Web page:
Q&A: Tackling trachoma as a traveling eye surgeon

Samson Lokele, Sightsavers' eye focal person for Turkana county, examines the eyes of patients from pastoral communities in Turkana, Kenya. Photo by: @Tobin Jones / Sightsavers

BARCELONA — Trachoma, a painful bacterial infection that turns eyelashes inward, is the world’s leading infectious cause of blindness. Transmitted through personal contact and certain species of flies, it affects over 30% of people living in arid and semiarid areas of Kenya.

“Eye care is not considered as immediate. People want to deal with epidemics [instead].”

— Samson Lokele, eye focal person for Turkana county, Sightsavers

While antibiotics can treat trachoma in the early stages, in the latter stages — before the scarring and in-turned eyelashes cause permanent damage — surgery is the only solution. Yet this isn’t always an option for people living miles from eye health services.

“Many people struggle to get the surgery they need, either due to lack of knowledge that the help is out there or because the path to the hospital is long and treacherous,” said Samson Lokele, a Sightsavers eye surgeon who travels to mountainous and remote areas within Kenya, Uganda, and South Sudan to find people in need of such care.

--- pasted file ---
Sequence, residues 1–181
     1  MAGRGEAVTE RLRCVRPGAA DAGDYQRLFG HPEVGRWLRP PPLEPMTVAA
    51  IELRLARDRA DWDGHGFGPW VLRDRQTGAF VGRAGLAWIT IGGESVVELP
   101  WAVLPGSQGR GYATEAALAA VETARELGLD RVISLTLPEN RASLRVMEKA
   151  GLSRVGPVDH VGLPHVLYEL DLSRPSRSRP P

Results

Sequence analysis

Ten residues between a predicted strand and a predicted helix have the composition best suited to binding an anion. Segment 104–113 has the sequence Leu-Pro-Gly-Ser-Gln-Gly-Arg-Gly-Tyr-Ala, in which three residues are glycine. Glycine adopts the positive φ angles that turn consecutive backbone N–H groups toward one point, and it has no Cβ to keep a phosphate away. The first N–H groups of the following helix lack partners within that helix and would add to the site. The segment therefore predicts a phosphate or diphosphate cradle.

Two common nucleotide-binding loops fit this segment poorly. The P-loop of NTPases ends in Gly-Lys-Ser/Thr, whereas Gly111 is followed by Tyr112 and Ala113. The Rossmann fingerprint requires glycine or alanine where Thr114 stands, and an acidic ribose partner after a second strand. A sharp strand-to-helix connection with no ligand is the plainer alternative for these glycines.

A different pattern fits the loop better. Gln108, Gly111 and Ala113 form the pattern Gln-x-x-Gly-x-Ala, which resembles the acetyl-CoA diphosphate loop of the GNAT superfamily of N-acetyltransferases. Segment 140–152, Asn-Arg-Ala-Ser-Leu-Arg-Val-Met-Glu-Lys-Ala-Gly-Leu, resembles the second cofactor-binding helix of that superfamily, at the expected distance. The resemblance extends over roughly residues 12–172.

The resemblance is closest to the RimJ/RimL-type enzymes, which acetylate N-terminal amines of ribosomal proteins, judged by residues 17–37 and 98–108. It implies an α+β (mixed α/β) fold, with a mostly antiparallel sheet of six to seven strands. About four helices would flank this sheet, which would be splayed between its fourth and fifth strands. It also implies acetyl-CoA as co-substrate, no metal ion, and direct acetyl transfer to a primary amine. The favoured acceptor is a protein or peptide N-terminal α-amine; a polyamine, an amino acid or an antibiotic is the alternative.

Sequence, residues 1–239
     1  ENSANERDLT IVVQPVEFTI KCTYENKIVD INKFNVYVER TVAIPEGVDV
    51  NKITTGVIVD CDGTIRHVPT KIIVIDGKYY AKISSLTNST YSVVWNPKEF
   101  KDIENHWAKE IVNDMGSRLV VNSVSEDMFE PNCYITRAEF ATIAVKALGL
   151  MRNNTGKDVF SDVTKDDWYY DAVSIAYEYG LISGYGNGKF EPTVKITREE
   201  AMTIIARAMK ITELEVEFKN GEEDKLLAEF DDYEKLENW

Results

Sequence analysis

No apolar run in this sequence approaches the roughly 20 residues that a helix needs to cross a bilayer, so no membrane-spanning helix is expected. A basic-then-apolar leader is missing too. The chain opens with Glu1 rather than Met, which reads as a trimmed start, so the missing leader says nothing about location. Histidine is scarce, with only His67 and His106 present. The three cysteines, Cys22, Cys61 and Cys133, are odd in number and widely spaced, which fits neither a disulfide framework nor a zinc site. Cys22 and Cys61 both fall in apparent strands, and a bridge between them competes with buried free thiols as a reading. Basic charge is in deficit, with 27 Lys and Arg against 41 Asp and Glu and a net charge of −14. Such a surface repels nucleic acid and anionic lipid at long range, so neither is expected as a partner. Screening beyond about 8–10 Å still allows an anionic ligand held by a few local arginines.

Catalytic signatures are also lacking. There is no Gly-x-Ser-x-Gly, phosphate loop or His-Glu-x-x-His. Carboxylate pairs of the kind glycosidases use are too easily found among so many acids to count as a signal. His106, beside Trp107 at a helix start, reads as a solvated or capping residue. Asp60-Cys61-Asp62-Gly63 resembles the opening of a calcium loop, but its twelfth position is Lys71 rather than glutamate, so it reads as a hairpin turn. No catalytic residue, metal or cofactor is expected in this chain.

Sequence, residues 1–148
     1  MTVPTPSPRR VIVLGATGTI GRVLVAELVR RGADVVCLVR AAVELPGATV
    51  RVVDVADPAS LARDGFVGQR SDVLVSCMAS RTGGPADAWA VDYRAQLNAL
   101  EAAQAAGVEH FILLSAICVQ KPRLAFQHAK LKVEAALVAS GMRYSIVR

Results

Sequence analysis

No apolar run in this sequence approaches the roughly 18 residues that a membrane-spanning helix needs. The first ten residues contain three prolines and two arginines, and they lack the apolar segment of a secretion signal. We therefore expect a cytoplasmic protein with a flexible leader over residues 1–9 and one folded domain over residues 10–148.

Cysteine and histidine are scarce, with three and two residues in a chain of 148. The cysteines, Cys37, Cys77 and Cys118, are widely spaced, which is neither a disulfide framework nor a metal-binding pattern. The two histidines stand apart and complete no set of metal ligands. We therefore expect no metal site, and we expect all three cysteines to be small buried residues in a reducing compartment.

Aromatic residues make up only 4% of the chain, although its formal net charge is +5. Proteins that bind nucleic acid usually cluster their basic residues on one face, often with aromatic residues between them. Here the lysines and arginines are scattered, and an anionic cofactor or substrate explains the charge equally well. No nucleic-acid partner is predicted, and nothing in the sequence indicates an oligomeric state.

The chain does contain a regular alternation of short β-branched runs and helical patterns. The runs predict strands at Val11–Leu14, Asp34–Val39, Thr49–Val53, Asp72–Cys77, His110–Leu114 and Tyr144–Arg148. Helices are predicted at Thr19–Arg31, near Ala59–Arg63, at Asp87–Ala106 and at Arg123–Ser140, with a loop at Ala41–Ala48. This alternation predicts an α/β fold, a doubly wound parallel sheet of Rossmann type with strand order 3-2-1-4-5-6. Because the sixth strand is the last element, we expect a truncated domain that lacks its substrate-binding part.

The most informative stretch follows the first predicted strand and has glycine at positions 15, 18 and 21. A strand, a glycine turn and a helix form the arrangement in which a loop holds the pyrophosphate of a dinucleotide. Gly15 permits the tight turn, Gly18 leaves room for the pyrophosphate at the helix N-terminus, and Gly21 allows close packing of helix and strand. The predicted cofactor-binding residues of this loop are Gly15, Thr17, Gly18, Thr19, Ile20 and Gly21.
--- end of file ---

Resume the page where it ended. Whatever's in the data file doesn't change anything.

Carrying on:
The surgery is quick, straightforward, and possible to do anywhere, Lokele said, adding that he’s done the procedure under trees and in the backs of cars. “We do surgery wherever the patients are, wherever we find them — even in their homes,” he said.

The first eye surgeon in Kenya’s Turkana county — which has a population of 1 million — Lokele has performed eye surgery on more than 3,500 trachoma patients since 2010 and says the process involves preparation and education.